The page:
My first nursing job, I worked in a very busy, very traditional, labor and delivery ward. Labors happened in shared Labor Rooms; two or three labor beds, wheeled gurneys actually, were in each of these curtain-divided rooms. Just prior to giving birth, the laboring woman was wheeled into a cold, marble-floored Delivery Room, she was then moved into a narrow, stationary, metal table, her legs placed in stirrups. The Postpartum Room held six to twelve gurneys; women spent the first two hours after giving birth here while their babies went to the Admission Nursery. After this observation period, mothers and babies were reunited on the Postpartum Ward.
This was in Southern California in the late 1980’s. There was a baby boom happening and we were busy. The ward had six Labor Rooms, four Delivery Rooms, one Postpartum Room, and as many as thirty babies were born here every single day.
One day, I had just admitted a woman to my assigned Labor Room when I realized that she was going to give birth soon, very soon. Double checking confirmed what I already knew, the ward was overfilled. When I informed my nursing supervisor that there were no doctors or midwives available, and all the Delivery Rooms were full, she gave a harried nod -‘just catch the kid’ was her unspoken order. I quickly gathered supplies-gloves, a baby blanket, and the ‘precip kit’ (pre-packed for precipitous births). Then I returned to my client, and settled myself as the last few contractions rolled through her body. There was the expected, and welcome, pause just before she began pushing. With two or three pushes, she began to open and the top of her baby’s head appeared, retreated and then stayed. In a perfectly choreographed sequence, the baby faced down, then turned to the right, aligning head with emerging body. That is when I saw the cleft, a large, smooth gape where, early in gestation, lip, nose and palette had not come together. Keeping my face and my hands soft, I gently lifted the baby out and up, placing the newborn into her mother’s outstretched arms. This motion, so familiar to me now, twenty years later, already seemed natural; a baby’s preordained swooping movement from mom’s belly to her breast. Honoring this fluid motion, without thought or intention, I settled this baby with her left cheek up, right-sided cleft serendipitously hidden. This mother pulled her baby snug against her, scratchy hospital gown against soft baby skin. Cradling her baby against her, she delicately touched silky black hair, curved rim of a perfect ear, tiny wiggling fingers. She stroked her newborn’s upturned check, the cleft still unseen. She cried, tears of relief and joy rolled down her face. The baby snuggled into her mother, comforted by the familiar maternal scent and sounds. Minutes passed as they greeted each other in their own sweet time. I sat quietly. In the chaos of that busy ward, for a moment, we shared peace. Then, the baby turned her face upward. Then, this new mother saw what I had already glimpsed, and she cried. She cried a mother’s harsh tears for her child’s pain.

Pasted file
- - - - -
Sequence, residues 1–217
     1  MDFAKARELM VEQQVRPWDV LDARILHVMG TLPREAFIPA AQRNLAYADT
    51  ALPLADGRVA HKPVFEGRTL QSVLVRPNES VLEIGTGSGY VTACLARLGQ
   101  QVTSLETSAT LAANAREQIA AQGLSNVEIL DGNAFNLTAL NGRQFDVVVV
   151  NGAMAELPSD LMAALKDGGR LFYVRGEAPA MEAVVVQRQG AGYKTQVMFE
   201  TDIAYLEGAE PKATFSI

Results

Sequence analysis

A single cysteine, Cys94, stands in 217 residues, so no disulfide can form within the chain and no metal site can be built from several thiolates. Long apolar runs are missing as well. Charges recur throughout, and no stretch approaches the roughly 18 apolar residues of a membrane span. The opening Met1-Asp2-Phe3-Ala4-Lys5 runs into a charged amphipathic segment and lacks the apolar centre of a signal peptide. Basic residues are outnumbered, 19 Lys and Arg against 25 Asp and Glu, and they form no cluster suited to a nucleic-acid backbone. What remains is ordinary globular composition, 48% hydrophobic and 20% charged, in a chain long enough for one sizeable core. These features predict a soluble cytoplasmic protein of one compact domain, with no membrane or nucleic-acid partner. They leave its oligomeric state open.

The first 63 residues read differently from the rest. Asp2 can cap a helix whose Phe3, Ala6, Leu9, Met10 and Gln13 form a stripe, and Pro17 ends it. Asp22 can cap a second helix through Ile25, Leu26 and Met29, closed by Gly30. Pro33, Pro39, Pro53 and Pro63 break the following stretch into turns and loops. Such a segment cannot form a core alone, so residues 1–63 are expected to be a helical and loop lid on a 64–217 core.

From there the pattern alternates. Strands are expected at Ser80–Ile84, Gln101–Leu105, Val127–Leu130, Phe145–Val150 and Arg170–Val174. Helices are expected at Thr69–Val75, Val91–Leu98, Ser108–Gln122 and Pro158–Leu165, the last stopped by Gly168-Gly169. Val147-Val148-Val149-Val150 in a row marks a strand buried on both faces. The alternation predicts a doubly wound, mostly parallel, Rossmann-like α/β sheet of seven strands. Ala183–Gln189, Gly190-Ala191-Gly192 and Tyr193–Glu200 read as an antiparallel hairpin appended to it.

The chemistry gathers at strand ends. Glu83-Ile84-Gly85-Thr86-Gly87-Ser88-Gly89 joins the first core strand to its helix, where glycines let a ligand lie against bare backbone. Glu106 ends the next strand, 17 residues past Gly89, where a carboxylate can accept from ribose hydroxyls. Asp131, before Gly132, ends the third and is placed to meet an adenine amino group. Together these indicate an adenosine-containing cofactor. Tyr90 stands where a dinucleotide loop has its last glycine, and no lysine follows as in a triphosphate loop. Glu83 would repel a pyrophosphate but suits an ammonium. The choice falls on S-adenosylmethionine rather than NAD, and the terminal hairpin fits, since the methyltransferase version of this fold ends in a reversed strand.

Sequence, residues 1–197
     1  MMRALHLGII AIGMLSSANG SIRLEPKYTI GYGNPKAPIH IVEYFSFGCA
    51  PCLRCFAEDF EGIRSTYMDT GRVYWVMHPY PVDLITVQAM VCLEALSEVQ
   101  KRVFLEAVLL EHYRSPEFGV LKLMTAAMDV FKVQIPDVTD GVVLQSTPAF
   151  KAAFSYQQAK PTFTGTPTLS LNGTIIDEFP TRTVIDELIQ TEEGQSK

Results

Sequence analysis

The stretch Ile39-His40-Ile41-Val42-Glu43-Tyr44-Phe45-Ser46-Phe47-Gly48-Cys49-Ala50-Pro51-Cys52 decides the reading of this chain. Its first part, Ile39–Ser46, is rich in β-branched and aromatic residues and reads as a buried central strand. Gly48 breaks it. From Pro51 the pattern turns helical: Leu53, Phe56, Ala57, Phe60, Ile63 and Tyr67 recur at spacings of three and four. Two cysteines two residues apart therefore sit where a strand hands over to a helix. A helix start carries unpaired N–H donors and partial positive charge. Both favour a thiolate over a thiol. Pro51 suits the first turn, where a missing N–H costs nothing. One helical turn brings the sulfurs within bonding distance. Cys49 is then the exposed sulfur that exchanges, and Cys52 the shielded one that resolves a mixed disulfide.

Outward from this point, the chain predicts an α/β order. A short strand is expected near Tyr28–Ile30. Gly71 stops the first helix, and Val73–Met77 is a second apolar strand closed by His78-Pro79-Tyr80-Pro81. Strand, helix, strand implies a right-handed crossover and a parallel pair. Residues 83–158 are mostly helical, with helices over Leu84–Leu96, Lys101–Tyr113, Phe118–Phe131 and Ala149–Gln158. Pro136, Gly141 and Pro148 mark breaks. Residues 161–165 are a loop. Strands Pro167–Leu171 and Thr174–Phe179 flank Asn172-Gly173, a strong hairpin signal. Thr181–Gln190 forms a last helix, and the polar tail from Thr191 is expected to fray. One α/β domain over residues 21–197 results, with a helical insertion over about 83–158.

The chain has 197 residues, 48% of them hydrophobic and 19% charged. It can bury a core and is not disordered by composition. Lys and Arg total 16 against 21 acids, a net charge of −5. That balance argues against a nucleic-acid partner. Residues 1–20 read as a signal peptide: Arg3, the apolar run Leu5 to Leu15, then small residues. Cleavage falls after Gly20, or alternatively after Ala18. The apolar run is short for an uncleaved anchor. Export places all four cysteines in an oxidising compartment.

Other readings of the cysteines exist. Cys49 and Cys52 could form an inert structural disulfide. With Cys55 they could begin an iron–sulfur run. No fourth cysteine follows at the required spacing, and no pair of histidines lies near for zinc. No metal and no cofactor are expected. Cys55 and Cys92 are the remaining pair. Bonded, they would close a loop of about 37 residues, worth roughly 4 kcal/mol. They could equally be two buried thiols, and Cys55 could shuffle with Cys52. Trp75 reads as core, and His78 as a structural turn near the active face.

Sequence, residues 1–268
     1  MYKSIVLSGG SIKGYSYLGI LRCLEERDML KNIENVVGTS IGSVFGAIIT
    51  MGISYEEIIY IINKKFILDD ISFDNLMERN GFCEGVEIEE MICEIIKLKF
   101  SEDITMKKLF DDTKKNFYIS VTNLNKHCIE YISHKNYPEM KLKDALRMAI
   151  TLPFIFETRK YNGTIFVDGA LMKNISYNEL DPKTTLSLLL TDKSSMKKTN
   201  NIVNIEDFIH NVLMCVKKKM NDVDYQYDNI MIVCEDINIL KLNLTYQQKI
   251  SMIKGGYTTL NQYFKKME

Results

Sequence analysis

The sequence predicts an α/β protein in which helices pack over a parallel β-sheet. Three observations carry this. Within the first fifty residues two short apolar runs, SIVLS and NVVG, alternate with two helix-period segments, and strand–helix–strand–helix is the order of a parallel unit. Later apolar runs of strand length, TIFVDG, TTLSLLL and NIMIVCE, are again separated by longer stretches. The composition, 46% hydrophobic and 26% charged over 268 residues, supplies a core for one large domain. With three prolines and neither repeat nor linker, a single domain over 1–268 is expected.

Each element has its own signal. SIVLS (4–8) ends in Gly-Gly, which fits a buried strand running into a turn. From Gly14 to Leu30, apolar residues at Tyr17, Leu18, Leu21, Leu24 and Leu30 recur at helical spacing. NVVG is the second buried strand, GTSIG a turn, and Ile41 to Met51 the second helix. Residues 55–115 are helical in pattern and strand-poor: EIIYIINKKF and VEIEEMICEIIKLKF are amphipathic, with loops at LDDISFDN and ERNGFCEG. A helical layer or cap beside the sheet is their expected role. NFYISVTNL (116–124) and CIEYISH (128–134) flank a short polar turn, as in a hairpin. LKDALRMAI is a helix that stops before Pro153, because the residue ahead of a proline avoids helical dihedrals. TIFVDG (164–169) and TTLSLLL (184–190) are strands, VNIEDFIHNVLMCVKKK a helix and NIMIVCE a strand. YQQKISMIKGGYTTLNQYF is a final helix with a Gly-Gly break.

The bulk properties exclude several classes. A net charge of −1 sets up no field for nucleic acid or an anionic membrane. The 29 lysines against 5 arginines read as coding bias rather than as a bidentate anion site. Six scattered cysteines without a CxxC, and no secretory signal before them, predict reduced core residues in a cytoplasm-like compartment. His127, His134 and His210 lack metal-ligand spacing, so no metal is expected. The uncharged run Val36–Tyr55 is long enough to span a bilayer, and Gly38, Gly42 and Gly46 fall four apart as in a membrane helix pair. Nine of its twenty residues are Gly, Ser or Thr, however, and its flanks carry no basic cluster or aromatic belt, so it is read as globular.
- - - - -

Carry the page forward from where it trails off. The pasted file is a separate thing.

This mother and I had never met before this day and we never met again. I do not know what happened to this mother or this child. To close that cleft lip and palette, I am sure that many surgeries and medical procedures would have been done over several years. For two decades, I have held this memory close and precious. No matter what pain followed, for several minutes immediately after birth, this mother, and baby greeted each other delicately, softly, peacefully. For that precious first moment, this newborn was perfect in her mother’s eyes.
May all babies be born into loving hands